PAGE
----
The DA approached the Press Ombudsman to complain about the report of Ms Majavu. The party claimed that the news report was based on untested allegations of a witness and that one could not possibly tell whether the boys were black or white (presumably because many white 6 year olds hang around in Khayelitsha). It also took exception to an allegation in the report that Adv. Van Tonder had recommended that Van Dalen be disciplined. The party also complained about the headline of the report (not written by Ms Majavu) which stated that Van Dalen was “up for” shooting two kids on the basis that he had not (yet) been charged.

Apart from the last two question, the Press Ombudsman rejected the DA’s arguments. In other words, the Press Ombudsman ruled that it was perfectly fair for The Sowetan to have reported that Van Dalen “without any cause or warning, started firing rubber bullets” at two black boys aged 6 and 7 and that the boys fled and the group then laughed. The headline was found to be misleading. And the statement that Adv. Van Tonder had recommended that disciplinary action be take against Van Dalen was not correct as Van Tonder did not have jurisdiction over Van Dalen. The Sowetan then published the requisite correction pointing  out that it was essentially vindicated but that the Press Ombudsman had found that the paper had erred on two minor points.

Obviously, this report in The Sowetan and the finding by the Ombudsman that the paper was justified to report that Van Dalen had been found to have fired at small black children, suggested that a DA MP was a racist bigot who shot at small black children for fun. This outcome was therefore pretty damning for the DA.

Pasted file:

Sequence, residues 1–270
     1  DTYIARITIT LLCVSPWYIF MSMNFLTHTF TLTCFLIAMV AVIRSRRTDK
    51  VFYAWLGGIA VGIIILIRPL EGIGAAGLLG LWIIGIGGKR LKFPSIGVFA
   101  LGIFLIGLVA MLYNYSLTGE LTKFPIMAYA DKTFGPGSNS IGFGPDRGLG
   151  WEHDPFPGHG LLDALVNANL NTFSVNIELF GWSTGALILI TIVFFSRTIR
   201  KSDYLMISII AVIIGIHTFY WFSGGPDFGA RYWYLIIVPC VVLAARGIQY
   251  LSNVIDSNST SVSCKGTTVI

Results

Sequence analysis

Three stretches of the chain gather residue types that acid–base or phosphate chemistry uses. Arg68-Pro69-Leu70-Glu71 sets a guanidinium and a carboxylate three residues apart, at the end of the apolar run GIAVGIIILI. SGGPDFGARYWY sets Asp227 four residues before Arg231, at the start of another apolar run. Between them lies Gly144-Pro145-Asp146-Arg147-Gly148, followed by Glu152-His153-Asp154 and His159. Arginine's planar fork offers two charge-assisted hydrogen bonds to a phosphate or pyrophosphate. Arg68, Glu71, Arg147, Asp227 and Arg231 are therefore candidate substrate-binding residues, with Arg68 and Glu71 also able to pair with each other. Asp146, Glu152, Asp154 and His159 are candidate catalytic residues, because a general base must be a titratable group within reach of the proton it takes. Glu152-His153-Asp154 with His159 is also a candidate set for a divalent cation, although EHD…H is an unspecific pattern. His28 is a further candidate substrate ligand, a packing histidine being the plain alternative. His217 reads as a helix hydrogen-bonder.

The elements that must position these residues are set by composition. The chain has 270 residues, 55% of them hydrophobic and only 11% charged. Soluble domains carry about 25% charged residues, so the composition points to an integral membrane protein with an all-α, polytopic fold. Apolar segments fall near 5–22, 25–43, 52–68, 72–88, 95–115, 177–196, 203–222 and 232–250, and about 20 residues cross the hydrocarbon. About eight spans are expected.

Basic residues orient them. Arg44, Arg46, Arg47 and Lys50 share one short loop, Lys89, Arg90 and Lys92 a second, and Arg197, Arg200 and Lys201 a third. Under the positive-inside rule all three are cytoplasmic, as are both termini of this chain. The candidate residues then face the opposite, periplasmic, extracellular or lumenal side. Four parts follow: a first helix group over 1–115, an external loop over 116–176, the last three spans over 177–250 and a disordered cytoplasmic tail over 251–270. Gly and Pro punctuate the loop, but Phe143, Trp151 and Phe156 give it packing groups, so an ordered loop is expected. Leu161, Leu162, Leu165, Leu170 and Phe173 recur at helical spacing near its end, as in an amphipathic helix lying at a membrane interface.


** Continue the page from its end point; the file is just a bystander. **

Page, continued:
As a party who professes to uphold the rule of law, to abhor racism and — unlike the ANC – not to protect its members when shocking findings of inappropriate or even criminal behaviour was made against them, one would have imagined that the DA would immediately have suspended Van Dalen and would have demanded that the police investigate the matter fully and that the NPA prosecute Van Dalen for attempted murder  if the findings of Adv. Van Tonder proved plausible.

However, Van Dalen, who had been involved in at least one other shooting incident, was not suspended. As far as I can tell no action was taken against him. This lack of action by the DA and its refusal to act on a credible report of racist criminal activity by a DA MP was, to say the least, surprising and shocking. It is unclear on what basis it decided that a finding by an arbiter that a DA MP has shot at black children warranted no further action.

For an outsider it suggests that the DA is not serious about racism and criminality amongst its members. It also suggests that the DA had one set of rules for Julius Malema and members of the ANC and another set of rules for its own leaders. While the DA was ready to accept that allegations of corruption against ANC leaders were always credible (because most ANC leaders are black?) actual findings by a lawyer against a DA leader was not credible because DA leaders could never-ever be guilty of any wrongdoing (because most DA leaders are white?).